For a huge number of businesses out there, websites are at the forefront of cash flow. There’s a huge variety of ways sites can make money, and understanding how much they make might well be one of the most important pieces of research you can do. So if you’re wondering how to find out how much a website makes, read on. Whether you’re looking as a part of your own business decision, as a stakeholder of someone else’s, or even just of interest, there are a few different things to remember.
1. Business Profit
The main way websites make money is through general business profit. For sites that are selling products and services, that means how much profit they make as well as their revenue. It may not be as clear cut if the business in question also takes sales offline, but generally speaking online sales are their own area.
Although it’s not easy to figure out businesses’ sales figures, checking out their business online can almost always lead to their tax or accounting records, whether that’s on their site, in a press release, an investment portfolio, or even in stakeholder resources. It might not be the easiest of tasks, but usually there’s a lot more information available than it might seem.
2. Ad Revenue
For many businesses both big and small, money and value come in another way entirely. Instead of having products or services they are selling to consumers, they instead sell ad space. This is how content platforms like Huffpost and Facebook make their money, for example. There is nothing being sold other than ad space, giving businesses a chance to pay to reach you while you engage in the content you love.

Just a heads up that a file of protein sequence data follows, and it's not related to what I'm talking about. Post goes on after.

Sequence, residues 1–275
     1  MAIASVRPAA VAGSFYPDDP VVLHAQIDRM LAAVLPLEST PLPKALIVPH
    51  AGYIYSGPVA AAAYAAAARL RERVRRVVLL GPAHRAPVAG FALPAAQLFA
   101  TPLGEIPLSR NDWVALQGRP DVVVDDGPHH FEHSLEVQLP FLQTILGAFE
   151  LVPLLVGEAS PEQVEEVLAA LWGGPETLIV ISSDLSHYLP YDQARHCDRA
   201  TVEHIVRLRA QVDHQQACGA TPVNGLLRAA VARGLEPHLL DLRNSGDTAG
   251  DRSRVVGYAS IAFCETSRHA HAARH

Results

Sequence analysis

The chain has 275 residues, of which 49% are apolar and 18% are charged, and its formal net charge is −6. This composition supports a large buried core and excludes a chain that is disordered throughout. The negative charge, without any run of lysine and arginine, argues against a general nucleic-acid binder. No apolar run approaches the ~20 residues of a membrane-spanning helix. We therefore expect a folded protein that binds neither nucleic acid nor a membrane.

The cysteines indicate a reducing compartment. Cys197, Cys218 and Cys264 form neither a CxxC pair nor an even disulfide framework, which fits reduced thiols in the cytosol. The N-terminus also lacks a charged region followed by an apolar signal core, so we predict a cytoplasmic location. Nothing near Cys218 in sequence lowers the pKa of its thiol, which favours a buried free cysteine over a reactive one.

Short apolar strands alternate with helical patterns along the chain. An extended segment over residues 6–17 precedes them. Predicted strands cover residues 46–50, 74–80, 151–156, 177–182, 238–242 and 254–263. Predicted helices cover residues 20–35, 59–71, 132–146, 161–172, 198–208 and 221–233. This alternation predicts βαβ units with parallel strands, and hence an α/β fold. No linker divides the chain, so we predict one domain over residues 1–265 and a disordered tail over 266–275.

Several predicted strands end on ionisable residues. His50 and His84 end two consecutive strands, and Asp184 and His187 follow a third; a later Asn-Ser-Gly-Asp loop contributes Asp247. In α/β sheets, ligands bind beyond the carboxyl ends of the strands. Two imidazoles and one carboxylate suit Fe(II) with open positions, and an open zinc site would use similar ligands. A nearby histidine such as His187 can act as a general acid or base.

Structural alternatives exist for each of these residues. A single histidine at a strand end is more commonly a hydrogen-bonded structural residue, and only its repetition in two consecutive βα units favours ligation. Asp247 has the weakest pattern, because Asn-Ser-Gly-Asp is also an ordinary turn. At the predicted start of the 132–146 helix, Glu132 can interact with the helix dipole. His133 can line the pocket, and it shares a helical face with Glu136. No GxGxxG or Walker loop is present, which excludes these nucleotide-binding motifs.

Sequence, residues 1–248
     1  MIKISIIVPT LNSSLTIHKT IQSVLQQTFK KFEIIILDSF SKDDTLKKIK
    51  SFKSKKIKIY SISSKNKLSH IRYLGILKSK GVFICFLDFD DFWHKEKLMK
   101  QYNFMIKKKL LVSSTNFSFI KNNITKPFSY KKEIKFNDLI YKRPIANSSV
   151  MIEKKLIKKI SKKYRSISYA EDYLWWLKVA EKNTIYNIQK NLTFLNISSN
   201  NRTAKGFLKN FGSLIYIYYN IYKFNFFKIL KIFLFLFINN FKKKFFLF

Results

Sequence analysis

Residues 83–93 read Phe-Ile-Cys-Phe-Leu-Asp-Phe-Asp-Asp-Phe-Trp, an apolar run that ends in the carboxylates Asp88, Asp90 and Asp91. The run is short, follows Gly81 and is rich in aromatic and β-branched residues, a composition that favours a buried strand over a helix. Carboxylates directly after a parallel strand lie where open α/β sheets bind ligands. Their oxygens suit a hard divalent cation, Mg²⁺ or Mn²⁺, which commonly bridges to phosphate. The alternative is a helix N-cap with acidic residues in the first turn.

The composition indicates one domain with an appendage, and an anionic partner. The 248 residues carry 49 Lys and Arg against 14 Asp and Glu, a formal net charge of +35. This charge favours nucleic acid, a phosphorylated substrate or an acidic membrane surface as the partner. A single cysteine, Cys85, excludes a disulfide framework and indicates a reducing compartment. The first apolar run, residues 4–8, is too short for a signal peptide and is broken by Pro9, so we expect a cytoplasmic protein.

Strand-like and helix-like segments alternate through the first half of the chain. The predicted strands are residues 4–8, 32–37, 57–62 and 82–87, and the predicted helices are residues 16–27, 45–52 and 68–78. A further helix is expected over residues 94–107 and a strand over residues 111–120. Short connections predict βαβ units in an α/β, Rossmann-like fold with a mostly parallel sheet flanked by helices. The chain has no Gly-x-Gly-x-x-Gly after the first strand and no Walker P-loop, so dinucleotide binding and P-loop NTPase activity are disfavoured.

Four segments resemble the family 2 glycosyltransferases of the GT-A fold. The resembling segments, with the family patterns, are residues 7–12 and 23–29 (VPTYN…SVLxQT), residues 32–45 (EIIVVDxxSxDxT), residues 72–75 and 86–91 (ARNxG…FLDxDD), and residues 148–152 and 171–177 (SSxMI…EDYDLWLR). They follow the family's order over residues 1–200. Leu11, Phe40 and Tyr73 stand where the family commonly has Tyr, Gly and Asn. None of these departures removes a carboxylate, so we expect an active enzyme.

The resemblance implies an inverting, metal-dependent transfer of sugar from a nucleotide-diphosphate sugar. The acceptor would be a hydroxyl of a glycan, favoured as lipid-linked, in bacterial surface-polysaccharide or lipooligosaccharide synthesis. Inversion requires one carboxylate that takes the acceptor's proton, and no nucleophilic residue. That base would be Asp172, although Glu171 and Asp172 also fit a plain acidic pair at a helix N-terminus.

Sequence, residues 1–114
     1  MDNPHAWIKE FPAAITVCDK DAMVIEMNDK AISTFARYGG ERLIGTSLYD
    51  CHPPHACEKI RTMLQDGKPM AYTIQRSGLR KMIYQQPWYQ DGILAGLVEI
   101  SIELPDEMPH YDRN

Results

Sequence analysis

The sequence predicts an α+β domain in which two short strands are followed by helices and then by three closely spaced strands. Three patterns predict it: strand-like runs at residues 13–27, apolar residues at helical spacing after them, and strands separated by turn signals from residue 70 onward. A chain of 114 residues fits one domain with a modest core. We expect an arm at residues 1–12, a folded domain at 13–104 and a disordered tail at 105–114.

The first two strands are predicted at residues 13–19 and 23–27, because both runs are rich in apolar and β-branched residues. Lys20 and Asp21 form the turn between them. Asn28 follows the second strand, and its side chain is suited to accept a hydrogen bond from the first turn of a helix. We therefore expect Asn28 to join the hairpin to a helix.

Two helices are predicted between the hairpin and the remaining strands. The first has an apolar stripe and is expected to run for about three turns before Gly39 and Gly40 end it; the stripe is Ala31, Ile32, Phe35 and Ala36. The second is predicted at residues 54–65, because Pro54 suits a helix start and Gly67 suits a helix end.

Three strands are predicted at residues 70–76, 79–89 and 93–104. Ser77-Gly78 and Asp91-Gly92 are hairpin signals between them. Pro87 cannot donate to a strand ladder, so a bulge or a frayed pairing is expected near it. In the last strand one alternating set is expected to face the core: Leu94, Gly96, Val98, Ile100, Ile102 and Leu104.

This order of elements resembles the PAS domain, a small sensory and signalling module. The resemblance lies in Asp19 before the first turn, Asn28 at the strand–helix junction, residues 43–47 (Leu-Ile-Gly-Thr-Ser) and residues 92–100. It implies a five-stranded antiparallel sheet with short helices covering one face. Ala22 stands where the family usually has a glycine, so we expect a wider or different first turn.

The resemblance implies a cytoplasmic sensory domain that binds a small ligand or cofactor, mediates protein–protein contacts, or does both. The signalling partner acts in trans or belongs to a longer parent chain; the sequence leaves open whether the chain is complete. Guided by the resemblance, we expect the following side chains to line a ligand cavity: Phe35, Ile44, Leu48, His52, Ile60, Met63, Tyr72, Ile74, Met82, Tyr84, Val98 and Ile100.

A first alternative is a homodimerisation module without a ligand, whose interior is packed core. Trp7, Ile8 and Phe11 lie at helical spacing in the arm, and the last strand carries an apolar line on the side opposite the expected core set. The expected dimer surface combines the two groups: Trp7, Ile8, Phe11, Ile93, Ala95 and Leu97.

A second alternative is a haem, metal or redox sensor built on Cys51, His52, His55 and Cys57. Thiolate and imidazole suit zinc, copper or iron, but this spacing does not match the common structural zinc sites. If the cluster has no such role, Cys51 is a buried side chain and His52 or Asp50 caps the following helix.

To determine how much a website makes from ad revenue, things are slightly less clear. For example, it depends on what kind of ad space is being sold. Video ads in video content may make the content creator more money than a small side banner ad for example. You get the idea. Some of the most useful tools, in this case, are things like the Google Adsense Calculator, to help work out the average value of a site’s traffic depending on the industry (if the site uses Google ads).
3. Sponsorship and Influencing
In addition to selling display advertising, websites may also make money through sponsorship, endorsement, and affiliation. That means rather than just selling ad space on a site, a business may instead sell blog space, social media association, or product reviews. This is a small selection of what’s available, as people take this to different lengths depending on the nature of their business and partnerships.
To work out how much a site makes in this way, the best thing you can do is dig around the site for rates. It’s very likely you’ll see a price list for the various advertising opportunities that are on offer. When you find which is the most common and how often this kind of thing happens, you can scale it to fit whatever you need and see what the income is likely to be. It does take some legwork and maybe even an inquiry to the site holder for their advertising costs, but it’s easy enough to do.
If you really want to find how much a site makes, the best thing to do is research. Find out information like their web traffic or see their published sales figures, stats, and pricing. There are tools out there that can help with this such as SiteWorthTraffic and Oko.uk, but these are only estimated as every industry, niche, and service is completely unique.